Your daily Letter to the Columnist — Aug. 12, 2013
I wrote you last week regarding the overlap of helicopter transport services between the private carriers and the state police. Thank you for keeping me anonymous.
Here’s another example of the abuse in our air transport market:
There were multiple people who witnessed emergency scene providers at a car accident in Forest, Va., call a helicopter to transport a victim to Lynchburg General Hospital. The accident, a couple of years ago, was on U.S. 221 and was less than 3 miles from the Lynchburg city limits!
Think about that for a moment: upon arriving at the accident scene, the EMS providers evaluated the victim then decided to have a helicopter transport the patient no more than three or four miles by air! To expand on that further, if they’d simply loaded the patient in the ambulance, they’d have been at the hospital in no more than 10 to 12 minutes, max.
Yet instead, they requested the helicopter, waited for it to arrive on the scene (which involved landing in the highway after blocking both lanes), then loaded the patient to be airlifted just a few miles. There is no way anyone can claim with veracity this was either quicker or more practical than transporting that victim by land ambulance.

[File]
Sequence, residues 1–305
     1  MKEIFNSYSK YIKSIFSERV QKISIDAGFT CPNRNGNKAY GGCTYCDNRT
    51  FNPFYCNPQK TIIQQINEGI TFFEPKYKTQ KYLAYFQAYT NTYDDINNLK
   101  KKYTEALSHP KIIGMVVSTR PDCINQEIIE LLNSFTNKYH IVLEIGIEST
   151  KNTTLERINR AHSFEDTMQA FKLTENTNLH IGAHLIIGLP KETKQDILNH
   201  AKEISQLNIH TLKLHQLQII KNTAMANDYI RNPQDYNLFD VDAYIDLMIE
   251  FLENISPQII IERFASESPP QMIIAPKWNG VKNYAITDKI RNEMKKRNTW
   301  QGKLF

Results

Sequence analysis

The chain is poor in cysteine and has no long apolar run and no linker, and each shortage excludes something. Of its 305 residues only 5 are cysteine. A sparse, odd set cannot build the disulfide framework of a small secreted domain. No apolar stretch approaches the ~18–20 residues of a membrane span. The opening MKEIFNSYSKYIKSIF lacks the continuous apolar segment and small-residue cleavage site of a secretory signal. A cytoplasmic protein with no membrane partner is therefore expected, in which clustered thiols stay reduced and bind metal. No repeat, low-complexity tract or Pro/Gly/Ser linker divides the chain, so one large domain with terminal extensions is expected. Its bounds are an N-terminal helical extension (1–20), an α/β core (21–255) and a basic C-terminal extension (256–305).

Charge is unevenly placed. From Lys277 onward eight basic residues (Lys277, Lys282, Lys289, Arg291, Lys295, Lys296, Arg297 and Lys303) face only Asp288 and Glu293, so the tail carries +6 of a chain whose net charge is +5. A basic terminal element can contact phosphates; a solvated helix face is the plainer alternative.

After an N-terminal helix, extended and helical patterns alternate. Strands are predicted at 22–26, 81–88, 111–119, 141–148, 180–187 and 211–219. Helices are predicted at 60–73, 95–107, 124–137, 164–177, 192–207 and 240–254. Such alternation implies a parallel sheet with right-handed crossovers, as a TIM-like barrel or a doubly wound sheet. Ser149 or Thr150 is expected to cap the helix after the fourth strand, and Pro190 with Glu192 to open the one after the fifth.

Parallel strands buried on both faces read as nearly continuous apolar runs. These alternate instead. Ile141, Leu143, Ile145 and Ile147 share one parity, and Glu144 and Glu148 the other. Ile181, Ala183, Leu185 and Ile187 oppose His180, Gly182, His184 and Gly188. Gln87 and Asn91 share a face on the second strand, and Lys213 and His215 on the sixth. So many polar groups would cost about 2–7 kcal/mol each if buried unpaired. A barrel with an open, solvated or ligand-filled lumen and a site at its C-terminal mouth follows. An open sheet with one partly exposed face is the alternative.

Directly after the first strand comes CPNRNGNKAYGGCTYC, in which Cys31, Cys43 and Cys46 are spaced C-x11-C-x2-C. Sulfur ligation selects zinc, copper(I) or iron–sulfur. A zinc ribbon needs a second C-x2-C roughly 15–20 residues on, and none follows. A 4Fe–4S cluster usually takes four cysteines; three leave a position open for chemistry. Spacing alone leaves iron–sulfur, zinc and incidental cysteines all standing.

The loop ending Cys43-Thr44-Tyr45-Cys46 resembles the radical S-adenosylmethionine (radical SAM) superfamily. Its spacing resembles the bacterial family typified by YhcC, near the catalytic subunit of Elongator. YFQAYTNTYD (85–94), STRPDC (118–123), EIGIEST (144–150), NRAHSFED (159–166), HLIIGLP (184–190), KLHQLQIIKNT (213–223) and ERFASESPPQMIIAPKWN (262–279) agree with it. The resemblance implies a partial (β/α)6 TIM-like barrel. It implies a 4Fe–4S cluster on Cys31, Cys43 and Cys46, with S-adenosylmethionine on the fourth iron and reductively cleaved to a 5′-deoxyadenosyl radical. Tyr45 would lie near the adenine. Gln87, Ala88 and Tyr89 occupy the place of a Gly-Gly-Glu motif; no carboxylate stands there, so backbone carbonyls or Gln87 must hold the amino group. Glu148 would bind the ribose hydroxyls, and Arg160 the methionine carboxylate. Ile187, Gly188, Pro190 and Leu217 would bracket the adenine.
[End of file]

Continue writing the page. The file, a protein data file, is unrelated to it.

Using the helicopter actually delayed the time it took to get the victim to an emergency room and of course was much more expensive.
It is another example of the excess and abuse of the air transport system. One cannot help but wonder if there is some sort of incentive to use a helicopter instead of simply taking the patient by ambulance. At the very least, there seems to be too much superfluous use of a highly valuable resource.
Most importantly, these actions fly in the face of the “golden hour” theory of patient transport and regardless of who gets billed for what, the excesses are yet another reason for our ever-escalating health care insurance costs.
Please do not publish my name. Thank you.